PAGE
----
African American and white women involved in the civil rights movement never represented a homogeneous group. Different women had different tools with which to exercise their influence and effect change.
African American women stood stalwartly on the front lines of the civil right movement, but they often did not hold formal leadership positions and are consequently not always visible in photographs and other historical documentation. These women organized via their churches, in their homes, and throughout their immediate communities, taking advantage of their traditional gender roles and domestic space. In many cases, therefore, the opportunities available involved positions that supported the activities of male leaders; in other instances, however, women taught citizenship classes, attended mass meetings, and canvassed for voter registration, enhancing their ordinary activities to encompass the movement’s needs.
Class also played a determining factor in black women’s experiences and activism. Vera Pigee, a Clarksdale beautician loyal to the National Association for the Advancement of Colored People (NAACP), and other self-employed women could spend considerable time and resources organizing and planning, as Pigee did in her work with the group’s Youth Councils and as secretary of the local branch. In contrast, Fannie Lou Hamer, a displaced sharecropper with a greater sense of urgency, found her voice in the direct-action-driven Student Nonviolent Coordinating Committee and later in the Mississippi Freedom Democratic Party. Many black women found motivation for their activities in their religious faith, putting their bodies on the line, endangering their families and friends, and suffering the same indignities and dangers as black men. Many of the women associated with the movement went on to work with poverty programs such as Head Start or ran for office: Victoria Gray Adams, for example, ran for the US Senate on the Freedom Democratic Party ticket, and Unita Blackwell of Mayersville became Mississippi’s first black female mayor.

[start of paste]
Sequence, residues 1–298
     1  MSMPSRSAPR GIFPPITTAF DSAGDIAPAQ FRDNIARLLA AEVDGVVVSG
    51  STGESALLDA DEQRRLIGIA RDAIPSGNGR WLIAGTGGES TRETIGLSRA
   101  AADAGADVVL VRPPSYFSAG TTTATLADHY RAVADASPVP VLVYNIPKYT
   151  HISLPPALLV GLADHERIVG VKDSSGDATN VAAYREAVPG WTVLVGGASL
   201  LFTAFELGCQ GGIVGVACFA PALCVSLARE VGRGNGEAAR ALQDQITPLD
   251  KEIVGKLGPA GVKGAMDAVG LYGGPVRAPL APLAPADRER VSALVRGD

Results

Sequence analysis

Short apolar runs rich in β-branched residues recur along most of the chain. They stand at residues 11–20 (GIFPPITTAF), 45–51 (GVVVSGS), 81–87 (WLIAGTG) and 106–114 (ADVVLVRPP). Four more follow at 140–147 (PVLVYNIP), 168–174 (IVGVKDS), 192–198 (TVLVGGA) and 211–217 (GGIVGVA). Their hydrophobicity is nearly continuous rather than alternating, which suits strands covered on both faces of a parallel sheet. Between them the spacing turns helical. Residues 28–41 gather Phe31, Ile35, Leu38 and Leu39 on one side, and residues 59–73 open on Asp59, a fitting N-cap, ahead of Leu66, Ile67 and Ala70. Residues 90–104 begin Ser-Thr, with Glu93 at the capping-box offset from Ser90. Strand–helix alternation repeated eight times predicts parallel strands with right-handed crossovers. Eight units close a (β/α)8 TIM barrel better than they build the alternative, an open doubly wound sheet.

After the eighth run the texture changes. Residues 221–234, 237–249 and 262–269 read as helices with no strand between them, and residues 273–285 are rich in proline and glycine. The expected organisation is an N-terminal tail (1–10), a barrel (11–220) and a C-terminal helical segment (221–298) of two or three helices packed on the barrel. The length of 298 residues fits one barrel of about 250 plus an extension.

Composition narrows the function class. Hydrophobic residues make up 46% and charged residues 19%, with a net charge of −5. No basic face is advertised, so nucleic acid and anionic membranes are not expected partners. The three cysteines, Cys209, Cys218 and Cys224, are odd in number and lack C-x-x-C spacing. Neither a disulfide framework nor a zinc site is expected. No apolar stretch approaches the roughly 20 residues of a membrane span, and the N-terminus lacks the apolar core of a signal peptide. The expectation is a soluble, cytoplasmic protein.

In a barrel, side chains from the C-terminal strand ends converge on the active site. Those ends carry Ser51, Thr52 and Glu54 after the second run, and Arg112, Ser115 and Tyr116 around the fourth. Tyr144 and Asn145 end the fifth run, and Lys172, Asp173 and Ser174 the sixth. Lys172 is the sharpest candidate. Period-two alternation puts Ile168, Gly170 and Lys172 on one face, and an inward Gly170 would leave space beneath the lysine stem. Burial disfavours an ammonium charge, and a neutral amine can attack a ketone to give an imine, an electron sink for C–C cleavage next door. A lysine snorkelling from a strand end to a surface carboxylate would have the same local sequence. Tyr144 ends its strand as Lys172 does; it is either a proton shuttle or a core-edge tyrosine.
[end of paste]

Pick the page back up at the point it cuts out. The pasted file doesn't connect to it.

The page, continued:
Unlike their black peers, white women in the civil rights movement rarely felt physically imperiled. Their involvement stemmed from a sense of empathy with the plight of African Americans and from a strong desire for social, legal, political, and economic justice, often cultivated by educational or religious institutions. In particular, northern white women lived and worked with African Americans during the 1964 Summer Project, with many of these volunteers returning to college in the fall. Some of these same women went on to found the women’s movement shortly thereafter, as their politicization manifested itself in other struggles for equality.
White women from Mississippi also participated. Most of them came from middle-class families and joined the movement via student activities or religious institutions. Hazel Brannon Smith questioned the morality of segregation in her newspaper, the Lexington Advertiser, while Jean Cauthen did so via her Clarksdale radio show. Both women suffered harassment. Others, among them Barbara Barnes, the president of Young Women’s Christian Association operations in Jackson, mediated institutional integration quietly, and Jane Schutt served on the state’s first US Civil Rights Commission Advisory Committee until her husband’s job became threatened. Such women’s involvement risked their economic, social, and political standing in white society.
- Bernice McNair Barnett, Gender and Society (June 1993)
- Sally Belfrage, Freedom Summer (1965)
- Bettye Collier-Thomas and V. P. Franklin, eds., Sisters in the Struggle: African American Women in the Civil Rights–Black Power Movement (2001)
- Patricia Hill Collins, Black Feminist Thought: Knowledge, Consciousness, and the Politics of Empowerment (1990)
- Vicki Crawford, Jacqueline Rouse, and Barbara Woods, eds., Women in the Civil Rights Movement: Trailblazers and Torchbearers, 1941–1965 (1990)
- Constance Curry et al., Deep in Our Hearts: Nine White Women in the Freedom Movement (2000)
- Paula Giddings, From Where and When I Enter: The Impact of Black Women on Race and Sex in America (1984)
- Debbie Z. Harwell, Wednesdays in Mississippi: Proper Ladies Working for Radical Change, Freedom Summer 1964 (2015)
- Jenny Irons, Gender and Society (December 1988)
- Tiyi M. Morris, Womanpower Unlimited and the Black Freedom Struggle in Mississippi (2015)
- Lynne Olson, Freedom’s Daughters: The Unsung Heroines of the Civil Rights Movement from 1930 to 1970 (2001)
- Vera Pigee, Struggle of Struggles (1975)
- Belinda Robnett, How Long? How Long? African-American Women in the Struggle for Civil Rights (1997)